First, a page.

The $1.4 billion dollar investment into Toyota’s Cambridge assembly plant is expected to benefit workers at Kautex-Textron in Windsor.

Emile Nabbout, the Vice-President of Unifor Local 195, tells CTV News it is “big time positive” news in the automotive sector.

Kautex’s 200 employees in Windsor make plastic fuel tanks for the automotive industry, including the Toyota Rav 4, built in Woodstock.

Nabbout says they already have a Lexus project and he anticipates Kautex will be awarded the contract for the Lexus NX SUV.

The automaker says it will start building the standard and hybrid luxury SUV’s in Cambridge in early 2022.

Back in 2003, Toyota Motor Manufacturing Canada (TMMC), became the company’s’ first facility to produce Lexus vehicles outside of Japan.

Since then, 1.3 million Lexus RX and Lexus RX hybrids have been built in Cambridge, according to the company.

“These companies are global companies. They can invest anywhere on the planet,” says Stephen MacKenzie, the President and CEO of the Windsor-Essex Economic Development Corporation.

MacKenzie believes Ontario was chosen for its skilled workforce and supply chain.

“The OEM’s (original equipment manufacturer) look for a radius and typically a 500 kilometre radius is the outside circle for the supply chain,” according to Tim Galbraith, the sales manager at Cavalier Tool in Windsor. The Windsor-Essex region falls within that radius.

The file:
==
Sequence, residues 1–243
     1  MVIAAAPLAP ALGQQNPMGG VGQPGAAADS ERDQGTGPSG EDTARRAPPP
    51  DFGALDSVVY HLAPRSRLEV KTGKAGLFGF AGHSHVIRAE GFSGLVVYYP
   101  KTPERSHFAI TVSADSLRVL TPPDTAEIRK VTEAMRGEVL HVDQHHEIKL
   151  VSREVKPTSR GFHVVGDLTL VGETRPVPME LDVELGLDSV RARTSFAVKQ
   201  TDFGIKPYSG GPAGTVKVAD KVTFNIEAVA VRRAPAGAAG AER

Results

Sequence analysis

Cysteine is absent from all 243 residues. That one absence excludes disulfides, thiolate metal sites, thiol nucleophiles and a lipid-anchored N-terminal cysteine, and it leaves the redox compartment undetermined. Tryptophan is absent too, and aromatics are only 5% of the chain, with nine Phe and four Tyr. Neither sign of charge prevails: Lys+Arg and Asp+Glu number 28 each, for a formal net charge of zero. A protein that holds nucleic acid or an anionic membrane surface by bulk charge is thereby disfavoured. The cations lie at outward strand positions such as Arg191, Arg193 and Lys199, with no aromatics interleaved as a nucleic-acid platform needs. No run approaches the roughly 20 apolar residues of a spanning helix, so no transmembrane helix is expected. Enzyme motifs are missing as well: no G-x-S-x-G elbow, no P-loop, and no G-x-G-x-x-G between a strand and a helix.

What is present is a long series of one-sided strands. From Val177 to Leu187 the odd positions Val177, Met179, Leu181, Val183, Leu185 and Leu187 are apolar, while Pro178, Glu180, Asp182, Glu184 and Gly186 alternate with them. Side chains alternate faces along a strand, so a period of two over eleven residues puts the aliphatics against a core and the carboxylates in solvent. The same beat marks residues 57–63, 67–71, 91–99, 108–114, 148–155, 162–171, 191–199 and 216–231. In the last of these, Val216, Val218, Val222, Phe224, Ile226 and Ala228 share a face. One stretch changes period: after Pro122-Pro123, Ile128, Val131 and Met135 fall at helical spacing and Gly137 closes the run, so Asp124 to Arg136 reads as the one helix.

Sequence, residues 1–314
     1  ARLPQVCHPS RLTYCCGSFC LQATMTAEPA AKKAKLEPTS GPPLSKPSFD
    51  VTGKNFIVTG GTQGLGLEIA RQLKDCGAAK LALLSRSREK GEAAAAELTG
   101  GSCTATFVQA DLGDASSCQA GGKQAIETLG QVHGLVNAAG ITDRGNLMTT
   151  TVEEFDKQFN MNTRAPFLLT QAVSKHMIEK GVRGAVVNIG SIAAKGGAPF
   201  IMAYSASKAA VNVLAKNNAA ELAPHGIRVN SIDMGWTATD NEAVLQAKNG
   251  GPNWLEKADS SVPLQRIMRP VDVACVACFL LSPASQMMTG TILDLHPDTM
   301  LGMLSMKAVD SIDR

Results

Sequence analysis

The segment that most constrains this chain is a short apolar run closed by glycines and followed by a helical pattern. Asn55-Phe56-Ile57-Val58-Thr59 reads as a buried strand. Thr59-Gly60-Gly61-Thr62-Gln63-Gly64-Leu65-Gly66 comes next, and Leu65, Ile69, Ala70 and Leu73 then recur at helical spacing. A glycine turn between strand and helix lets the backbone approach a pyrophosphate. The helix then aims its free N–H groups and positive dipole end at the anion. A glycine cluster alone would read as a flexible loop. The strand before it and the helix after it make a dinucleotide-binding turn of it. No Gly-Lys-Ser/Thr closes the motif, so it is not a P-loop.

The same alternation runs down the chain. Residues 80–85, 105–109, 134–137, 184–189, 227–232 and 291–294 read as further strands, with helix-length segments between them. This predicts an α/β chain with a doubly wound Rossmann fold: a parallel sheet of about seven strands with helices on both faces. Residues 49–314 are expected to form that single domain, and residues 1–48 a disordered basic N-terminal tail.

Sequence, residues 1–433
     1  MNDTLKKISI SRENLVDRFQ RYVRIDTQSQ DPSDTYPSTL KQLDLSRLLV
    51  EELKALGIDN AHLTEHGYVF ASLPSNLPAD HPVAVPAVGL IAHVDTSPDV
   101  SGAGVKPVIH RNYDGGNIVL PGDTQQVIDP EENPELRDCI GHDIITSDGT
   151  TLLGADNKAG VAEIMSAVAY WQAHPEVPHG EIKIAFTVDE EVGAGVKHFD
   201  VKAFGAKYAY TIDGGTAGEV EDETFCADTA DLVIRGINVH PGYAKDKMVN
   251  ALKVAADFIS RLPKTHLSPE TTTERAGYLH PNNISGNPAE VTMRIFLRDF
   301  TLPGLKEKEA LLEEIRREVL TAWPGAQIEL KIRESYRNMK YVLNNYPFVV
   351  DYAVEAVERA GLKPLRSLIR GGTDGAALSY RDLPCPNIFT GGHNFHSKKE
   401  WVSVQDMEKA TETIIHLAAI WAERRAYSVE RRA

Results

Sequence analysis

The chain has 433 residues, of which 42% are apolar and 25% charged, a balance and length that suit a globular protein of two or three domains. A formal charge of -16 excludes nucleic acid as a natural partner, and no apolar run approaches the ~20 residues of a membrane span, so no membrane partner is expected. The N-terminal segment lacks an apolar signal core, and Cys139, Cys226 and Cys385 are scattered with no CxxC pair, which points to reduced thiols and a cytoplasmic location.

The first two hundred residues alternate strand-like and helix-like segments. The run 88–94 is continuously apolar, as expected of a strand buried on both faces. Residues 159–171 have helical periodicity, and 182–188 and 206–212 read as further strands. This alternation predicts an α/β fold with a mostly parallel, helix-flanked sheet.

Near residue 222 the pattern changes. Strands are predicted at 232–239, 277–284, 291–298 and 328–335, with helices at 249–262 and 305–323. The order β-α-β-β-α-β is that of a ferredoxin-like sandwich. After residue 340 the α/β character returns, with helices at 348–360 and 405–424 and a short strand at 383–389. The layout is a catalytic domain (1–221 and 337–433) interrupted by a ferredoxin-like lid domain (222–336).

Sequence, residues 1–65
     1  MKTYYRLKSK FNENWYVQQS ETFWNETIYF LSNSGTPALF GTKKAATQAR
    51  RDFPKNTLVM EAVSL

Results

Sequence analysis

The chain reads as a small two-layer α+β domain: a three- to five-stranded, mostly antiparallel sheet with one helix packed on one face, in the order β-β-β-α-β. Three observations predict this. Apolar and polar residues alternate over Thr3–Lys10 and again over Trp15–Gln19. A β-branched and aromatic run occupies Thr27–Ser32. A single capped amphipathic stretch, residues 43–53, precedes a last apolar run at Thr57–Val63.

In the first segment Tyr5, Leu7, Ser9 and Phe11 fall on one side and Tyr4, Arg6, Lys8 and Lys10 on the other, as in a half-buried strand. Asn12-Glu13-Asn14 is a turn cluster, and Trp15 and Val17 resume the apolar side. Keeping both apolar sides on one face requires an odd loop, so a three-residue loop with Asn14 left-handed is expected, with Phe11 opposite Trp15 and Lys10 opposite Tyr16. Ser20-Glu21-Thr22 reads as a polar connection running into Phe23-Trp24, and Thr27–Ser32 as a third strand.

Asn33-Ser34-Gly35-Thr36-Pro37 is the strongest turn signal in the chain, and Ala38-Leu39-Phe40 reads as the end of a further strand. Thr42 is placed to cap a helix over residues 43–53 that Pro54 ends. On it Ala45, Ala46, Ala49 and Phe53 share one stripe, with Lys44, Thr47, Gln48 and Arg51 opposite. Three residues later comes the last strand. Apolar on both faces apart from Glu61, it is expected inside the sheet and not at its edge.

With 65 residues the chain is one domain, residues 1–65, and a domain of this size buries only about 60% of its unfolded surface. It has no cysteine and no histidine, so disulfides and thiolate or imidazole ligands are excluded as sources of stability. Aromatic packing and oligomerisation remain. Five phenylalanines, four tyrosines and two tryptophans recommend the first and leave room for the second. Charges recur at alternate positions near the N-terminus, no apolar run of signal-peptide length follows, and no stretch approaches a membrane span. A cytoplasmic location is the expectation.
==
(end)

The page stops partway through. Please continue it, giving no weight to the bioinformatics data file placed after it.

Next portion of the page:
While the tool and mold maker isn’t planning to bid on any Toyota contracts for the Lexus NX project, Galbraith says the automotive industry across Southwestern Ontario can benefit.

“We may do sub-contractor work for him, the same way he'll do sub contract work for us on other things,” says Galbraith. “The resources of the industry are a great resource geographically.”

Automotive analyst Dennis DesRosiers says it’s a good move for Canada because luxury vehicles are the fastest growing segment in the automotive sector and SUV’s are the most popular vehicles on the market.

The new product announcement by Toyota comes after the Ontario manufacturing sector was hit by major job loss announcements in recent months.

General Motors Canada announced last November that it would close its Oshawa plant by the end of the year at a loss of close to 3,000 jobs, while Fiat Chrysler Automobiles said in March that it would cut its third shift at its Windsor plant in September at a loss of about 1,500 jobs.